Wildlife biologist sues bear advocates
A Nevada Department of Wildlife biologist is suing a Lake Tahoe bear advocacy group for online comments he claims have damaged his reputation and caused him emotional distress.
Carl Lackey, a Carson Valley resident and state wildlife biologist at NDOW for more than 20 years, filed a lawsuit against the Homewood-based Bear League and several Lake Tahoe residents for engaging “in a defamatory, slanderous and libelous smear campaign” resulting in “widespread publicity of highly offensive and erroneous information that placed [him] in a false light and resulted in harm to his reputation.”
In addition to the Bear League, the suit names Ann Bryant, Homewood resident and executive director of the nonprofit group; Carolyn Stark, Incline Village resident and creator of the Facebook Page “NDOW Watch: Keeping them transparent;” and Mark E. Smith, Incline Village resident and creator of the Facebook Page “Lake Tahoe Wall of Shame.”
The suit states that the defendants “have and continue to initiate public comment threads on their public Facebook pages and other Facebook pages slandering [Lackey] in his official capacity as a state employee and urging the public at large to shame and harass [him] so that he will lose his job and/or feel threatened enough to leave the community.”
Lackey is seeking an unspecified amount of money for the alleged defamation and emotional distress.
Lackey’s lawsuit includes over 20 comments from the Facebook pages of the Bear League, Lake Tahoe Wall of Shame, and NDOW Watch, including claims that Lackey accepts bribes and traps and relocates bears for the benefit of hunters.
While some comments are written by the defendants themselves, others are written by individuals not named in the suit.
The Sacramento-based firm Molsby & Bordner is representing the Bear League, Bryant and Smith, but has not yet responded in court.
“We are of the belief that the lawsuit Mr. Lackey has filed against the Bear League has no merit and we plan to vigorously defend all allegations against our clients,” attorney Cameron Bordner told the Tribune.
Stark’s attorneys have filed a motion for dismissal, claiming Lackey “feels that he can shut these Defendants up and stop their free speech, as well as shut up all the people on Facebook that make and made comments as well.”
They also argued that Lackey is a public figure and therefore any comments made about him must “meet a higher standard of proving actual malice.”
NDOW spokesman Chris Healy said the agency did not want to comment on the case, while Lackey’s attorneys Sean Rose and Thomas Brennan could not be reached for comment.
In 2015 Rose represented an Incline Village couple who claimed they were harassed and received death threats from Bear League members after they reported to NDOW that a bear had broken into their vehicle. The case against the bear advocacy group and executive director Bryant was settled for an undisclosed amount of money — a fact that Stark’s lawyers brought up in their argument.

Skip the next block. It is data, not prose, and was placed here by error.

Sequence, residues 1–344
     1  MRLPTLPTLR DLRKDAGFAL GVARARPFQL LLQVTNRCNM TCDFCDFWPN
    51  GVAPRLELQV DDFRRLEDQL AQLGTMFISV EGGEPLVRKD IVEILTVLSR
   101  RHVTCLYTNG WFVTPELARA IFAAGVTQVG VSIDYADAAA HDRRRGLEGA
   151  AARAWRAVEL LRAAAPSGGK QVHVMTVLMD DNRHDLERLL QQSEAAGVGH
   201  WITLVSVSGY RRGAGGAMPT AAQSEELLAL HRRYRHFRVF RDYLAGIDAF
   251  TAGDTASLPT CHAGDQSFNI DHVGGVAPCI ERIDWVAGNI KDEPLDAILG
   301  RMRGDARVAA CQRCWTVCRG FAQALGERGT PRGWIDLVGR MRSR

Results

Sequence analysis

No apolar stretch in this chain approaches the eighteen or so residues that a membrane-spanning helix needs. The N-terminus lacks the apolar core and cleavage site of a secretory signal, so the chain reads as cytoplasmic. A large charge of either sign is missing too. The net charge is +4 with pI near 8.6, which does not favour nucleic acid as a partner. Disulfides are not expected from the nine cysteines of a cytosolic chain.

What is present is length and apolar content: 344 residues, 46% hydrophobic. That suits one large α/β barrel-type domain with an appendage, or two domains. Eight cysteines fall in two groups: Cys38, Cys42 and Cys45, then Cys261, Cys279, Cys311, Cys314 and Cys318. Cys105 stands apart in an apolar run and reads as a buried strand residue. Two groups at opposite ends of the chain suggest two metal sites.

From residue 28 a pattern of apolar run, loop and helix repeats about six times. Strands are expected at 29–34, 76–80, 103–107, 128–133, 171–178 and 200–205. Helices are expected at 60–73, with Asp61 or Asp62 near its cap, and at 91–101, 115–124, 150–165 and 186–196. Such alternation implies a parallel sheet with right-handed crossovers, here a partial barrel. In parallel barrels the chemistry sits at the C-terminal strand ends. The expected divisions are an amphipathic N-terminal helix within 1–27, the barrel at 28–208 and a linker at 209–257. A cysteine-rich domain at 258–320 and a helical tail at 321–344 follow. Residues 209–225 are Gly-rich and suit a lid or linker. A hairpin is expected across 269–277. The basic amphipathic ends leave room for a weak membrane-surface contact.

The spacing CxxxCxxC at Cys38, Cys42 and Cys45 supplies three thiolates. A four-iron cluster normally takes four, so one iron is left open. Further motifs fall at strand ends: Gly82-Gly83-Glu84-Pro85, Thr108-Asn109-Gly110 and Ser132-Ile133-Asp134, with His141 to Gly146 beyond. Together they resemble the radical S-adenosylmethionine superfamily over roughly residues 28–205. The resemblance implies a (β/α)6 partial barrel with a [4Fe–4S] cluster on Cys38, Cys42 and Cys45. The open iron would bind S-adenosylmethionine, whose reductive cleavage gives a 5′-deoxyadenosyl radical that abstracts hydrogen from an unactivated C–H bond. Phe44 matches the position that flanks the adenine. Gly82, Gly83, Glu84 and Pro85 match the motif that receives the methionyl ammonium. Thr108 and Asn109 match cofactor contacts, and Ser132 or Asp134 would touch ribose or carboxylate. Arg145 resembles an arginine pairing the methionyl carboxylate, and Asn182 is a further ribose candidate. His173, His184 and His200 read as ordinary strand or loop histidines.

“Mr. Lackey thinks that because there was a prior lawsuit by his … counsel, in which that case was settled for a confidential amount … that Mr. Lackey feels he has hit the proverbial lotto,” reads the court document.
Patrick File, an assistant professor of media law at the University of Nevada Reno, said there are three hurdles Lackey’s attorneys will face in proving their case.
“The first is a federal law called the Communications Decency Act of 1996,” said File. “And that law essentially has been interpreted to mean that the administrator of a website — and this could be a blog, a Facebook page, a YouTube channel — they can’t be held libel or legally responsible for content that is posted there by third parties.”
However, there have been exceptions when the content has been edited or curated, or the administrator has encouraged others to defame or harass, said File.
File also noted that both Nevada and California have strong Anti-SLAPP laws, which seek to stop strategic lawsuits against public participation.
“I think it can be fairly argued that Carl Lackey in this circumstance would be a public official, though there is probably case law that could go either way on that,” said File. “There’s a higher bar to prove defamation for public officials and public figures.”
Lackey’s lawyers must not only prove that what was said was false and harmful, but that it was also “said with knowledge of its falsity or reckless disregard for whether it was true or not.”
A court date has not yet been set for the case, which was filed in the Second Judicial District Court in Reno.